It begs the question. Given that Kulik's meta-analysis of major educational studies found that, in general, ability grouping helps both slower and faster learners learn more, isn't it possible that the better results achieved at Railside are the result of energetic, committed teachers, rather than the lack of ability grouping? Great teachers are highly correlated with great results.
Unfortunately, they're also rare. As I've written about ability grouping before on this blog, the benefit to that approach is that it fails better. Given a choice of a mixed ability class with a great teacher, and an ability grouped class with a lousy one, I'd take the former. But that is usually not the choice. This study compares intense, analytical, teacher-directed group learning with the "boring" method of teaching math. The former also happens to be heterogeneous in this case; the latter homogeneous. But when there are two big differences between things you're comparing, it's hard to know which one causes the results.
Two other quick critiques. First, while I think the teaching is more responsible for the gains seen at Railside than the ability grouping, the general type of ability grouping employed in American schools isn't finely tuned enough to challenge bright kids anyway. Creating three reading groups in a standard neighborhood school is slightly helpful. But it's far more helpful to create a gifted magnet program that draws students from, say, five counties. Then you can actually create classes for the top .1%. It wouldn't surprise me to find that most students in the 85-115 IQ range can do OK in a math class together. But if you try to throw, say, a Nate Bottman (2007 Davidson Fellow, topic: Analytically Determining the Spectra of Solutions of the NLS) in to a group-learning, mixed ability class, you will quickly find a problem with the approach. At Railside, "If they found that one student was standing out, by, for example, being faster in their mathematical thinking, they would find aspects of the work that the student was less good at and for which they needed more practice," Boaler writes. But a child who's learned calculus on her own at night is not going to need to practice more on any aspect of algebra.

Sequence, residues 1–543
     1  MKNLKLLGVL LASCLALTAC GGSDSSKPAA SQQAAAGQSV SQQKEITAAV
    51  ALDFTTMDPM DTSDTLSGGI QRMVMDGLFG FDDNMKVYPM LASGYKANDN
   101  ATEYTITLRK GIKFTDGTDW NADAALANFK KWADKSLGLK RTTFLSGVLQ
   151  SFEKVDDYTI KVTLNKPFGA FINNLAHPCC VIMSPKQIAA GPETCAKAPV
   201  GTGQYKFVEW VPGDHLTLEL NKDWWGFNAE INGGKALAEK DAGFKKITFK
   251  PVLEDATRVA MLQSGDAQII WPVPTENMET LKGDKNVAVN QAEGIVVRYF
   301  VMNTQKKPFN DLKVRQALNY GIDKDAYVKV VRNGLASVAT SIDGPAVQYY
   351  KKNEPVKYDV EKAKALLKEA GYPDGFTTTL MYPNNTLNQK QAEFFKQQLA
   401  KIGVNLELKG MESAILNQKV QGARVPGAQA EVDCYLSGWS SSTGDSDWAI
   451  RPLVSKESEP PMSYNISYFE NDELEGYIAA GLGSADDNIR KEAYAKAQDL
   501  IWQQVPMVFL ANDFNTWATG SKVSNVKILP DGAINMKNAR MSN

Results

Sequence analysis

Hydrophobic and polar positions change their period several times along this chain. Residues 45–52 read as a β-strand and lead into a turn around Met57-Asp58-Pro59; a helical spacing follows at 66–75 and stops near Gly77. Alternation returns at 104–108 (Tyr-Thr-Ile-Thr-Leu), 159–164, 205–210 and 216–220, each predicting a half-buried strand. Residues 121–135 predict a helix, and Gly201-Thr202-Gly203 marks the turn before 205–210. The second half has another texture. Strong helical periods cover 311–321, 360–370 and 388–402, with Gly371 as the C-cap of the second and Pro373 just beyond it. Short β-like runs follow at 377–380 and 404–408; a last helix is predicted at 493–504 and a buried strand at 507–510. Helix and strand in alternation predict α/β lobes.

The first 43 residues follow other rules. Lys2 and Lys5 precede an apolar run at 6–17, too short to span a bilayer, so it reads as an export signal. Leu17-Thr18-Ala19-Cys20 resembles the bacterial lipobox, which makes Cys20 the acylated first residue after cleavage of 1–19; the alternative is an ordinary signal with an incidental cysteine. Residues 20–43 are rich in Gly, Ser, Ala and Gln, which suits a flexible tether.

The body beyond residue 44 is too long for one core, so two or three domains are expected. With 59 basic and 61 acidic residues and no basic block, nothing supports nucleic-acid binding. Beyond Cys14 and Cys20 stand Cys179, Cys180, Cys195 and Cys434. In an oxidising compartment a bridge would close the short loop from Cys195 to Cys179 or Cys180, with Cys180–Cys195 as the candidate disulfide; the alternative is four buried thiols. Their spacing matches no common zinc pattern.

And second, I assume the University of Sussex, and Stanford, where Boaler has also taught, aren't letting just anyone in these days. Their graduate programs and professorial hires are very much grouped by ability. This research was a group project between Boaler and her grad students. But this was hardly a true "mixed ability group." If Boaler really thinks ability grouping is harmful and inequitable, she should have pulled three people off the streets and asked them to work with her instead. I'm sure the results would have been just as good, and Boaler wouldn't have had to carry any extra weight in the computations at all...